Box 4.1 Abrupt Climate Change in the Ancient Hot House
About 55 million years ago, the earth underwent an abrupt climate change known as the Late Paleocene Thermal Maximum (LPTM), recently renamed the Paleocene-Eocene Thermal Maximum (PETM) (Kennett and Stott, 1991; Dickens et al., 1995; Dickens, 1999; Norris and Röhl, 1999; Bains et al., 1999). Against the backdrop of an already warm climate with reduced pole-equator temperature contrasts, bottom water temperatures increased by 4-6°C (Thomas and Shackleton, 1996), and high-latitude surface temperatures by 4-8°C, over 10-20 kyr (Norris and Röhl, 1999). Thirty to fifty per cent of benthic foraminifera went extinct (Thomas and Shackleton, 1996). The suite of dramatic global changes inferred for the LPTM includes increased aridity in subtropical latitudes and increased high-latitude precipitation (Robert and Maillot, 1990; Schmitz et al., 2001).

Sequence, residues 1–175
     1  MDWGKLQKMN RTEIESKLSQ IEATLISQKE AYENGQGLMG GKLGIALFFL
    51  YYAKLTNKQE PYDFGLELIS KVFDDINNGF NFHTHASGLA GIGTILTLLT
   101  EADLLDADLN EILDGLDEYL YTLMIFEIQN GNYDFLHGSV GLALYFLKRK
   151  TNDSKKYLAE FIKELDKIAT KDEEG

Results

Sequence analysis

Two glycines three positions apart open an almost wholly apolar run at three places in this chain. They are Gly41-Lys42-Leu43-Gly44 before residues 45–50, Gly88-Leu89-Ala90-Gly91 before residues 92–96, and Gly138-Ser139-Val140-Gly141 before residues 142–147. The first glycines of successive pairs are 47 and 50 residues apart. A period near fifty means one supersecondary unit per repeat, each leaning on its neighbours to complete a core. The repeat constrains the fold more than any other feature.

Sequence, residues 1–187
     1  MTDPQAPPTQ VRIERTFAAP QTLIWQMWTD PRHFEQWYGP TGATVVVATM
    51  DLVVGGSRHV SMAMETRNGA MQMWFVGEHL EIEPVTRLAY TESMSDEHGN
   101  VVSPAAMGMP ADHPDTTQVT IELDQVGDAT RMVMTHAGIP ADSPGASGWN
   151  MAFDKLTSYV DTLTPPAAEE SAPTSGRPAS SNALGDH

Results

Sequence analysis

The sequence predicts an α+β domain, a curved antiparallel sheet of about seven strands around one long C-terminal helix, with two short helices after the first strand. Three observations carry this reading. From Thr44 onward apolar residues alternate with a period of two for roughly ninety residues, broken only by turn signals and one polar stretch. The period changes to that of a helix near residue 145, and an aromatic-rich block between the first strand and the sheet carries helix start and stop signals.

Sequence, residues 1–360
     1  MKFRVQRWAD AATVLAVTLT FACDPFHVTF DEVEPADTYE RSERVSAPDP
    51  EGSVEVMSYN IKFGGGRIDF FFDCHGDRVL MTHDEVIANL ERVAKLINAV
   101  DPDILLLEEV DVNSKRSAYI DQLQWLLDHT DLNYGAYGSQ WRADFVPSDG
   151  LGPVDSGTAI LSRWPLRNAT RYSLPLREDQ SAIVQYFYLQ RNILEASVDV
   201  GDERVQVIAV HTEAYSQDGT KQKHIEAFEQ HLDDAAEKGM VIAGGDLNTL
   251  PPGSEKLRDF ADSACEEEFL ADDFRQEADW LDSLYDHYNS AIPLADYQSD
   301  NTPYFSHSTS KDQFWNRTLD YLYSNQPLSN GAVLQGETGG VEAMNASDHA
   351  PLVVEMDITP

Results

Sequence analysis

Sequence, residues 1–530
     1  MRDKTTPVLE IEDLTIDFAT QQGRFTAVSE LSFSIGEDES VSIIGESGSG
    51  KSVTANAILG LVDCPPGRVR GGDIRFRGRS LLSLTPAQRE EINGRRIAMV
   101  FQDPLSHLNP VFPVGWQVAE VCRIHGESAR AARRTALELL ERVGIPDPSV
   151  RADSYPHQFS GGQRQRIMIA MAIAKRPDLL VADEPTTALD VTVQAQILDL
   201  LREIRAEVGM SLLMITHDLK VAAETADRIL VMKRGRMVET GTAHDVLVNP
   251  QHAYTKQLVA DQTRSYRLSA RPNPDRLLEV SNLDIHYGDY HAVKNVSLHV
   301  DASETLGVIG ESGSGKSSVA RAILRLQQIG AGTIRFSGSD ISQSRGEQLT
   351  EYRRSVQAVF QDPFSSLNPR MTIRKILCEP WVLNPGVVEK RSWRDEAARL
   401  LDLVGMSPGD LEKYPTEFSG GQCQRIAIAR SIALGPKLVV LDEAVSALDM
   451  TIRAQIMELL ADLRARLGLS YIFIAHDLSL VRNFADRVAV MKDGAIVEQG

At the onset of the LPTM warming, marine and terrestrial carbon isotope values exhibit a negative shift of at least 2.5 per mil (Norris and Röhl, 1999). The only known sources for this quantity and composition of carbon today are the vast reserves of natural gas hydrate in oceanic, deep lake and polar sediments and the free methane gas trapped beneath hydrate deposits. Methane hydrate is a solid complex of methane and water that is stable only at low temperatures and high pressures, such as found in sediment of the mid-depth and deep ocean. The carbon isotope signature during the LPTM is indicative of massive destabilization of marine methane hydrates (Dickens et al., 1995); it is estimated that 1,200-2,000 gigatons of methane gas were released.